In this study of 700 children from the Copenhagen Prospective Studies on Asthma in Childhood cohort, researchers found that even though babies born by c-section have a gut microbiome associated with asthma development in the first 6 years of life, this is only true if at age of 1 the baby still carries the same “unhealthy” microbiome. This suggests that microbiome restoration before 12 months is a promising strategy to prevent asthma development in a child born by c-section.
Stokholm et al., 2020
Strain-Level Analysis of Mother-to-Child Bacterial Transmission during the First Few Months of Life.
Cell Host & Microbe Journal logo
Cell Host & Microbe
Researchers tracked down bacterial species - down to the level of strains and genes - transmitted from a mother to her child during birth. These findings confirm transmission of (health) microbes from mother to child and highlight the importance of vertical transmission.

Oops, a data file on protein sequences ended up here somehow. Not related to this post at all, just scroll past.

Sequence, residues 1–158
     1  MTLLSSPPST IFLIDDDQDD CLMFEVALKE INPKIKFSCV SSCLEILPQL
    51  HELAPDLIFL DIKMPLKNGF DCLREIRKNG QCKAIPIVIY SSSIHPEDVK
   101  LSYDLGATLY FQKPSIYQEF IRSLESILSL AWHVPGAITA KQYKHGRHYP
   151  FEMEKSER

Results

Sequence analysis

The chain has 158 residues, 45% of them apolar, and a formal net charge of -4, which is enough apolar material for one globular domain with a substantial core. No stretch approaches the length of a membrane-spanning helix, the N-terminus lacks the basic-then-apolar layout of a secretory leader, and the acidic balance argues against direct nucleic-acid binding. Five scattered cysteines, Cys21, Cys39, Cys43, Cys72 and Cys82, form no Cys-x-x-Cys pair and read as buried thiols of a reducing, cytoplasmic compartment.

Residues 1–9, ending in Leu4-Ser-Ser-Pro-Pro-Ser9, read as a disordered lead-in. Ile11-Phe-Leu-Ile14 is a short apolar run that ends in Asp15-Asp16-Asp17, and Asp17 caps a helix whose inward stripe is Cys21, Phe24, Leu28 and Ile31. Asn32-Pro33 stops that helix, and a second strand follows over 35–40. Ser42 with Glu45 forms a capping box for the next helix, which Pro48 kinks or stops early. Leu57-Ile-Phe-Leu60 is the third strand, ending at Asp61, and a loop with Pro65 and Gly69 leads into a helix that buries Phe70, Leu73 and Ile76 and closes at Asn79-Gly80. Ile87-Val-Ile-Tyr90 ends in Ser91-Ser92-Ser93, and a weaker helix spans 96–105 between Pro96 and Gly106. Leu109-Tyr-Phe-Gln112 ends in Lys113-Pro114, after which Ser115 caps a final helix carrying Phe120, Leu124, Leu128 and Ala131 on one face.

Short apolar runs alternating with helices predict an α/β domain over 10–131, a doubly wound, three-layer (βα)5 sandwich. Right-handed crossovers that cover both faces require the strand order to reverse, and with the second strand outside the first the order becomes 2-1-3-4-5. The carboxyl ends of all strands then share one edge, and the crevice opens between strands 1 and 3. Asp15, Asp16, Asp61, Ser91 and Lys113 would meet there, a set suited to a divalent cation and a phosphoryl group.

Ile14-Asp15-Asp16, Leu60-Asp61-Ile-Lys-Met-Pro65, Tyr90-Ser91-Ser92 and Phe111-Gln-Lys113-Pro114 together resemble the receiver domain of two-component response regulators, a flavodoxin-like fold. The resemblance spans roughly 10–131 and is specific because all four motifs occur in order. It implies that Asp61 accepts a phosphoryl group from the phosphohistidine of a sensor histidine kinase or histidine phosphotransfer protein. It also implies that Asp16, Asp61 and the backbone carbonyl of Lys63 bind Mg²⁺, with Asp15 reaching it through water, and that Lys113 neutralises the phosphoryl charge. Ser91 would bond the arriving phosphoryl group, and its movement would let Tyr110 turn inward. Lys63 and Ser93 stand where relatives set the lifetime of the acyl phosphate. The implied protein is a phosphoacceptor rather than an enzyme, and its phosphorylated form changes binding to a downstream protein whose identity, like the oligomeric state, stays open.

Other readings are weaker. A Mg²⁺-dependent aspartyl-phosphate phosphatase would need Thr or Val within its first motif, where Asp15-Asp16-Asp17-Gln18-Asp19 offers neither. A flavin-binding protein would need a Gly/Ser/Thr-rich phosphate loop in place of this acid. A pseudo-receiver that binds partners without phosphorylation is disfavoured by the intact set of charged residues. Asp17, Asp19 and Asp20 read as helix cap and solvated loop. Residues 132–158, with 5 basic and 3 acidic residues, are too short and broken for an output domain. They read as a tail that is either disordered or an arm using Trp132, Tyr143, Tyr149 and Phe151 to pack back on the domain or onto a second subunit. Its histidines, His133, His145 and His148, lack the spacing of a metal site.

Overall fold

Yassour et al., 2018
Healthy infants harbor intestinal bacteria that protect against food allergy.
Nature Medicine Logo
Nature Medicine
In a study showing that gut bacteria are important to protect against food allergies, researchers transplanted gut bacteria from babies – both healthy and those with cow’s milk allergy – into “germ-free” mice. These are mice without microbes that are kept in a sterile environment, making it easy to clearly see the effects of transplanted bacteria. As it turns out, mice colonized with microbes from healthy babies were protected from an allergic reaction when later exposed to cow’s milk, the most common food allergy in children.
Feehley et al., 2019

Papers showing disease associations


Early infancy microbial and metabolic alterations affect risk of childhood asthma.
Science Translational Medicine logo
Science Translational Medicine
Researchers found that there are four key bacteria that, if present at 3 months of age, drastically reduce the risk of developing asthma, suggesting a protective effect.
Arrieta et al., 2015

Allergies & Eczema